The study chose six English and seven Hindi newspapers. For English, the researchers selected The Economic Times, Hindustan Times, The Hindu, The Indian Express, The Telegraph and The Times of India. For Hindi, they chose Dainik Bhaskar, Amar Ujala, Navbharat Times, Rajasthan Patrika, Prabhat Khabar, Punjab Kesari, and Hindustan.
According to the report, media professionals from marginalised caste groups do not occupy any leadership position in the six English newspapers and seven Hindi ones surveyed for the study.
After perusing over 16,000 articles carried by the English newspapers between October 2018 and March 2019, the study found that with the exception of The Hindu, over 60 per cent of the articles were penned by upper caste writers. But there’s a caveat: “The Hindu seems to be bucking the trend because we were unable to determine the castes of nearly 26 per cent of its writers.”
The researchers classified these 16,000 articles into 11 categories including politics, public life, sport, state and economy. They found that across all these categories, 55-65 per cent of the articles were written by upper caste writers.
“The Indian Express paid the most attention to caste issues, accounting for 60 per cent of all articles on the topic,” the report states.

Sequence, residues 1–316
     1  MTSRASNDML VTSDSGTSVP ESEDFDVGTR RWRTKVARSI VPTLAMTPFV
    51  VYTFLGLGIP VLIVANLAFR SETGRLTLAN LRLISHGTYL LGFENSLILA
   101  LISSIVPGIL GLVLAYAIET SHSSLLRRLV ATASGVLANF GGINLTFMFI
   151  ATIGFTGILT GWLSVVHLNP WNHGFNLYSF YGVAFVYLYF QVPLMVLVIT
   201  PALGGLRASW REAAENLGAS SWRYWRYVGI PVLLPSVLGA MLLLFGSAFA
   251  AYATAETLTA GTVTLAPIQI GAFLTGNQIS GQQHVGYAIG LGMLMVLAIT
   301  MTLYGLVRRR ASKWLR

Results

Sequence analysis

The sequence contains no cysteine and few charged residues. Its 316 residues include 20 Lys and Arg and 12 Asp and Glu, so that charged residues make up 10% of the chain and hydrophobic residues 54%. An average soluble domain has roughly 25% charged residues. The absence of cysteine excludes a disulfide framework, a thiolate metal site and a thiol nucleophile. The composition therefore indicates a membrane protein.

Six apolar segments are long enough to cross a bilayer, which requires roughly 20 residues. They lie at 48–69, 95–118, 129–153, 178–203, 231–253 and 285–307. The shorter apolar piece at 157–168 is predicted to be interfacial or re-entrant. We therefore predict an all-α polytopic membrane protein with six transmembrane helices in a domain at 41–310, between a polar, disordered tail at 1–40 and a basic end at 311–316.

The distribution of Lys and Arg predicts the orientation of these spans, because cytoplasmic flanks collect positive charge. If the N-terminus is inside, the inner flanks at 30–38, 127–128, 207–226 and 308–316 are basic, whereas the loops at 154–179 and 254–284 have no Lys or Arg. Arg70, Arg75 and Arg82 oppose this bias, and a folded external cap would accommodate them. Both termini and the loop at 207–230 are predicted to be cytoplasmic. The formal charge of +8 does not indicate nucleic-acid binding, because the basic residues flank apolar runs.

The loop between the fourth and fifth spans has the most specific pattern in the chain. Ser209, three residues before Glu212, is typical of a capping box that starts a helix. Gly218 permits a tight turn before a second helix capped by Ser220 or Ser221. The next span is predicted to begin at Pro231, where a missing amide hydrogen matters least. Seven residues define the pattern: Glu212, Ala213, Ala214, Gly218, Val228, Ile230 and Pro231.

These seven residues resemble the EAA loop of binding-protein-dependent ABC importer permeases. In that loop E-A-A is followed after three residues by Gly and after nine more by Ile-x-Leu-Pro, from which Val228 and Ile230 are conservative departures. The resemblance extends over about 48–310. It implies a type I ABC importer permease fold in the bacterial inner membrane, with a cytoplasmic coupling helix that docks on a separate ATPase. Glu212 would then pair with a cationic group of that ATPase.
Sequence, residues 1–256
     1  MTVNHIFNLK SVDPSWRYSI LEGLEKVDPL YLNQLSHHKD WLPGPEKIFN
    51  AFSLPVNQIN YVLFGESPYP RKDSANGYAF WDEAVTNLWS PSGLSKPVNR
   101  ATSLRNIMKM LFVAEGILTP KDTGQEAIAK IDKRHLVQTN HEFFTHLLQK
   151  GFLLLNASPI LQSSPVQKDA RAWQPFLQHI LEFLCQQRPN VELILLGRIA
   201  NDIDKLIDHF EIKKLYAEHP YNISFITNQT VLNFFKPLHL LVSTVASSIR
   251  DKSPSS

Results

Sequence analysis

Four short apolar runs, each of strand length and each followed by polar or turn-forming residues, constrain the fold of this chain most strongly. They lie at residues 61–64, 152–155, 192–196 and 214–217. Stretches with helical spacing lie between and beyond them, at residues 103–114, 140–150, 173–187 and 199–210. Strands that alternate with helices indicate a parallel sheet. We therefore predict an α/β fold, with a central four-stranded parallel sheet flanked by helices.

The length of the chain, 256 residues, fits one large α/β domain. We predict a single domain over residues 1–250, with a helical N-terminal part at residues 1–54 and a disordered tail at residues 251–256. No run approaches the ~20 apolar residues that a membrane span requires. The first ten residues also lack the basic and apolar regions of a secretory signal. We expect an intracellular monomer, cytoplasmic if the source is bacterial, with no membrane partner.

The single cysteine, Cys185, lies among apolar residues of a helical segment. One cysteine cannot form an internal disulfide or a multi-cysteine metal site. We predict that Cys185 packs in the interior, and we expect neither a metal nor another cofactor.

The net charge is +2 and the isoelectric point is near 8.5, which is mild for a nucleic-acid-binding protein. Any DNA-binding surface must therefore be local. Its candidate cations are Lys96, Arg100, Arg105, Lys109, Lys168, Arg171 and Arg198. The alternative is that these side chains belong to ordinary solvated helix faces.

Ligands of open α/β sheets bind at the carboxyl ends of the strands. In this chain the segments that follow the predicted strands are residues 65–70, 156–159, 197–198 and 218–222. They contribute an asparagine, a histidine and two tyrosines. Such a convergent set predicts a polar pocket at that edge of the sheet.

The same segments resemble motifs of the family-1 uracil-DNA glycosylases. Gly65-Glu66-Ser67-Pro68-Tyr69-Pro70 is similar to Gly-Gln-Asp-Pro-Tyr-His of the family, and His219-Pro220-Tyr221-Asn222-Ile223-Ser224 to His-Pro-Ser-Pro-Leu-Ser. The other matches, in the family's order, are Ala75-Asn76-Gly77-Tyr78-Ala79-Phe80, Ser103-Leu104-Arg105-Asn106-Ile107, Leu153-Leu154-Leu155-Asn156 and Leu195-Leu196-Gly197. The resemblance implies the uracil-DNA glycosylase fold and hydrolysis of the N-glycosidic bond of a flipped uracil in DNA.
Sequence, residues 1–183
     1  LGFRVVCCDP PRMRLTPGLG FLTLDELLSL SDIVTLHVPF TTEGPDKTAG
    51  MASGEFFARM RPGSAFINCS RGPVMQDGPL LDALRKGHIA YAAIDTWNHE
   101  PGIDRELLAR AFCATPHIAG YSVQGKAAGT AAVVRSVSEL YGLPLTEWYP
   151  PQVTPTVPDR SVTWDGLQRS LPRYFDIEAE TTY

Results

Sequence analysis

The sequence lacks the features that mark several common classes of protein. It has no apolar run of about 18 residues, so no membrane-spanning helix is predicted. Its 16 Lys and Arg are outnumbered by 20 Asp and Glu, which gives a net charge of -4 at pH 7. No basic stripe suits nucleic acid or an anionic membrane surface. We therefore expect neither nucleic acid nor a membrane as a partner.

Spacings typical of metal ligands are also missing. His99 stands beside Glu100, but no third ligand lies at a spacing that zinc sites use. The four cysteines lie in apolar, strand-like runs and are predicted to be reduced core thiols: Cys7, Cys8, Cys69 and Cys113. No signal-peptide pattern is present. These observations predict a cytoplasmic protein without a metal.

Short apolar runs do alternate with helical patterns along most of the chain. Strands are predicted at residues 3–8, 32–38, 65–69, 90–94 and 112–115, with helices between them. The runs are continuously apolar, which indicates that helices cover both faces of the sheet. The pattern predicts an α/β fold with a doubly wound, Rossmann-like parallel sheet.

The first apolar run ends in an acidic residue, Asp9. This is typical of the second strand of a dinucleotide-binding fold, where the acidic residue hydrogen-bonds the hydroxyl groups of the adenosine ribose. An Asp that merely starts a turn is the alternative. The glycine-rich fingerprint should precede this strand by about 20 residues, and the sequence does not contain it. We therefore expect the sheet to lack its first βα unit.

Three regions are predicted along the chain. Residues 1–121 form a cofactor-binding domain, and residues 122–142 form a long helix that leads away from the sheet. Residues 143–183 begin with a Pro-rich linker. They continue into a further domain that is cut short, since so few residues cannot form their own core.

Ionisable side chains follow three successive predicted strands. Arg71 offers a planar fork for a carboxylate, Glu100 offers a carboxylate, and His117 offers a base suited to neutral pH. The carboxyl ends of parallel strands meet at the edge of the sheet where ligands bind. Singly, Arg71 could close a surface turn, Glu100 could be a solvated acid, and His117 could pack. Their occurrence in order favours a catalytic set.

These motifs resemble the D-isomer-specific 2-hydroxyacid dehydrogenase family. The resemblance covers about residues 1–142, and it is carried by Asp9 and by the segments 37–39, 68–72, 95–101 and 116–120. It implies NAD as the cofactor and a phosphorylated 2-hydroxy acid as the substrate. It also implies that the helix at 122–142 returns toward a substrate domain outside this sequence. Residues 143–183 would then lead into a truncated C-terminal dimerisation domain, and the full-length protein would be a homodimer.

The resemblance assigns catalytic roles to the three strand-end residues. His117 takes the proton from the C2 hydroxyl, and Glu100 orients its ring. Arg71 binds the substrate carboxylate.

In the Hindi newspapers, nearly 56 per cent of writers belonged to the general category, with 8.1 per cent to Scheduled Castes and 1.1 per cent to Scheduled Tribes.
On the brighter side, 100 per cent of the articles on caste issues published in Amar Ujala were written by contributors belonging to the marginalised caste groups. Dainik Bhaskar was a far second with 10.2 per cent.
According to the report, “around 58 per cent of the writers whose bylines appeared on the sports pages were upper caste, and they wrote 80 per cent of the articles. Not a single writer from a religious minority found space on the sports pages of any of the [Hindi] newspapers. The business pages too were dominated by upper caste writers.”